Sunday, April 12, 2015

A Lovely Remembrance

I wanted so badly to post this sooner, but since this was a surprise that the client wanted to give as Christmas gifts, I couldn't until after the holidays had subsided.  Figured Super Bowl Sunday was far enough out...then Valentine's Day...then St. Patrick's Day...then Easter...

This client was referred to me via a mutual friend.  His mother had passed away about a year ago, and the family was understandably having a difficult time.  The grief counselor suggested having something made from some articles of her clothing, and commented that a bear was usually a good choice as it could be hugged as needed.  My client showed up with 6 beautiful Gund bears and a bag full of his mom's clothing in tow, in colors she had loved wearing (and pieces that held some sentiment for his dad, his siblings, and himself).

Clothing, and trimming, and bears - Oh, My!

I had to think about this for awhile, since I'm not a master pattern maker by any stretch of the imagination.  Suddenly it hit me - I have several books filled with baby patterns that I've bought over the years, and with a little tweaking, they might just fit these bears.
I started off small.  I used one of the Henley t-shirts my client brought for me, looked around Pinterest for a few ideas on bear clothes (where there is a decided plethora of frilly & silly bear clothing - and a metric TONNE of Build-A-Bear garments that leave a lot to be desired); I decided to cut the shirt down to size and draft a pattern from it. Most of the patterns I found on the internet didn't account for any kind of body shaping (especially in the neck/shoulder areas).  Shaping for a bear is hard - that meant a t-shirt had to fit over a big head and around a thick neck, which leaves little room for a shoulder area, which is proportionately smaller.  It took a little finessing, but I was pretty happy with the results.  The simple elastic waist pants took a bit of fudging, too - thankfully, baby patterns do take a padded bum into account!  Don't get me started on the big bear feet, though...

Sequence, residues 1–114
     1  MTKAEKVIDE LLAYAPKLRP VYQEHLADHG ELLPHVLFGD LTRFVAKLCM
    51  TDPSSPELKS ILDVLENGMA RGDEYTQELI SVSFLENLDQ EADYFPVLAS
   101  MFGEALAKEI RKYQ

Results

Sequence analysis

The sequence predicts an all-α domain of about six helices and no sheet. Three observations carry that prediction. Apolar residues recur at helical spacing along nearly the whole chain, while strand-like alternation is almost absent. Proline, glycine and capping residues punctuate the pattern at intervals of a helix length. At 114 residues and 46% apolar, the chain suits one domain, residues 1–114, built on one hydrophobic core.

After completion, I sent this pic in a text message to the client that read:
"In the beginning, there was a t-shirt.  And the t-shirt fit.  And it was good."

He loved it.

One of the blouses, cut as close to the original seams as I could get, in order
to save as much usable fabric as possible.

Matching blouse fabric with t-shirt fabric I culled from my
remnant bins.  I buy these when I see them at my local fabric store -
they are usually less than a yard apiece, but you'd be surprised how
handy they are to have sometimes.

Matching up tops and bottoms, deciding which ones would be
more girly and which ones would be more boyish.  Some turned out
to be in-between-y.

I should totally trademark that last word.
I had so much fun planning, matching, and making these, that I couldn't help but continue the party over to the photo shoot.

I had so much fun, I ended up stripping the threads on my camera's tripod connector.  OY.

Two of my favorites - especially the salmon colored one.
("PSST - I've got a secret to tell you!")

This was made extra special by taking advantage of the pocket placement on the front of
the original blouse, which then became the back pockets on this pair of overalls.

Okay, I'm beginning to sense a pattern, here.


You can't tell that this is my favorite of the group.

Not.  At.  All.

("...99, 100!   Ready or not, here I come!")
Of course, then the ridiculous fashion photographer wannabe in me took over...had to make sure I got their good side, you know.

Sigh.  Still my favorite.  

Mr. Casual

His close-up.
Then, the prop-master in me got all fired up again.

I wuv my kitteh.

Hands down the hardest outfit of all - lots of detail work, but
it was totally worth it.
Believe it or not, this is a straw hat we found at some dollar store, and
it's been sitting on top of a glass frog lamp my husband bought me years ago
as a gift.

The frog didn't seem to mind lending it out.


Another Henley and pants combo.
This one reminded me of my own mom for some reason.

And here we are, back to the starting point again.  

The Henley crew.

Family portrait.  

I ended up sending all of these photos to the client.  In addition to presenting a bear to each of his siblings, his father, and himself, he made a little documentary about the bear project which included photos of the clothes, the bears, the presentation, and pictures of each recipient with his or her bear.  In the photos he took of his siblings and his dad holding the bears, you can see some of the photos of his mom in the background - and in one or two, she was photographed wearing some of these garments in life.

One of the most poignant and rewarding projects I've ever been asked to help with.